Step 7.3: M2TS (M2T) container with AC3 audio
As mentioned previously, this method allows you to use a M2TS container to hold your H.264 file, and allows for AC3 5.1 audio (no DTS support). If you chose one of the other methods, you don't need to look at this section/page.
In the "Video Encoding" section of MeGUI, change the File Format to "RAWAVC". This will allow us to create a .264 video stream.
We will now use MeGUI's build in bitrate calculator to calculate the average bitrate of our encoding, to ensure it's not too high for the PS3. From the "Tools" menu, select "Bitrate Calculator".
Under the "File size" section, use the drop down selector to select a pre-defined size or enter your own (this is the size that includes both the video and audio, so the total file size). This will change the "Average Bitrate" display shown just below. Alternatively, you can choose to change the average (video) bitrate, and then the resultant file size will be shown for the bitrate (again, including the audio file size). Note that certain profiles, which are based on quantizer selections, do not let you set an output file size (for the Xbox 360 or PS3 profiles, only the "2-pass" profile allows you to set the file size). For AVI/DivX/XviD conversion, you can get the same quality video at roughly 80% of the original AVI/DivX/XviD file's filesize. For 720p/1080p QuickTime HD (MOV) files, these are already using H.264 so you should try and match the file size whenever possible (again, make sure the "Average Bitrate" is under control). For maximum compatibility with the PS3, the bitrate peaks should not exceed 15 Mbps (15,000 kbit/s, although I've observed brief peaks of more than 25 Mbps that seems to not cause problems, and that the Xbox 360 handled peaks better than the PS3), otherwise you could see skipped playback. There is currently no way to control the bitrate peaks for the encoded file, and so as a general rule, try to keep the average bitrate of the video under 9000 kbit/s. When you're finished selecting a bitrate/file size, click on the "Apply" button to apply the bitrate setting to the video encoding profile.
Back to the main MeGUI section, press the "Enqueue" button under the "Video Encoding" section. This will add a video encoding job to the job queue (actually two jobs, one for each encoding pass). Do the same for the "Audio" (ie. press the "Enqueue" button as well) to add an audio encoding job to the queue.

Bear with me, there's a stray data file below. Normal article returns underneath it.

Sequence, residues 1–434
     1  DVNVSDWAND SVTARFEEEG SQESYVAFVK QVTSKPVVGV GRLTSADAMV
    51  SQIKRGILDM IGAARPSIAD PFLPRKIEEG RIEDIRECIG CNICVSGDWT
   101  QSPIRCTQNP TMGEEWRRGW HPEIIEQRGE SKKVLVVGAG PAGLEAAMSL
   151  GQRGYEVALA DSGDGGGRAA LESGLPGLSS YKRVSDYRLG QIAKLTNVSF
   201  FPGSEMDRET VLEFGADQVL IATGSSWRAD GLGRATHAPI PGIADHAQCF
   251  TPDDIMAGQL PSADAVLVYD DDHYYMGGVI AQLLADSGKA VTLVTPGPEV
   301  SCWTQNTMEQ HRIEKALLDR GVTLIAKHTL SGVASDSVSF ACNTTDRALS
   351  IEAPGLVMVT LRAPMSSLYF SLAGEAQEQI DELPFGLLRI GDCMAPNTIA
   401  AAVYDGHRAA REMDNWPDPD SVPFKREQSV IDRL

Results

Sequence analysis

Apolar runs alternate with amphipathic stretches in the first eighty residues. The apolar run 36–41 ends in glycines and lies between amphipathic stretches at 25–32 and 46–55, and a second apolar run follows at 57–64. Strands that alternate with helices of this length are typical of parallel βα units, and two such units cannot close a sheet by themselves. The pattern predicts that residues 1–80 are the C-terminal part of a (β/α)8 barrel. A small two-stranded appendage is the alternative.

New in MeGUI 0.2.6 or above is the idea of "workers". This has been introduced to take advantage of multi-core processors, allowing parallel job execution (processing more than one job at a time). Of course, certain jobs are dependent on another previous job being completed before it can begin (for example, job2-4 above requires job2-3 to be finished, and job2-5 requires all previous jobs to be finished), and so parallel execution is not always possible. But if you are encoding multiple video clips at the same time, then parallel execution allows each core of your CPU to be fully utilized at all times, allowing up to 4 video encodings at the same time on a quad core processor, for example. In essense, each "worker" represents a CPU thread that can be run on an individual core - so if you have a dual core processor, then you might want to create two workers, quad-core => 4 workers, etc. Even if you have only a single core CPU, you will still need to create at least one worker before MeGUI can start encoding video. To create a worker, from the "Worker" menu, select the "Create New Worker" option and then enter a name for this new worker.
Create as many workers as you need (again, 2 for dual-core, 4 for quad-core ...). You can right click on each job to specify which worker it will use, or you can leave it unset and MeGUI will automatically assign workers (recommended). You only need to do this the first time you use MeGUI, as worker settings are remembered.
When you are ready to start encoding, press the "Start" to start the encoding. You can view the status of your workers by selecting the "Workers Summary" option from the "Workers" menu.
When it's all finished, you should have a .264 video stream file and an .ac3 audio stream file.
We will now use tsMuxeR to mux our .264 and .ac3 files into a M2TS stream. Download and extract the tsMuxeR ZIP file to a folder on your hard-drive, and run the "tsMuxerGUI" executable file to start tsMuxeR. In the "Input files" section, first use the "add" button to load in your .264 file, and then to load in the .ac3 file (in this order). In the "Output" section below, select "M2TS muxing" and use the "Browse" button to select an output filename/location. Press the "Start muxing" button at the bottom to beging the muxing process.
After tsMuxeR finishes process (it should say "Done!" in the text log area), we should now have a .m2ts file. You can delete all the other files, other than this .m2ts file. The next step will show you how to use TVersity to stream this .m2ts file to your PS3. For playback from a USB/CD/DVD, the renaming is not necessary.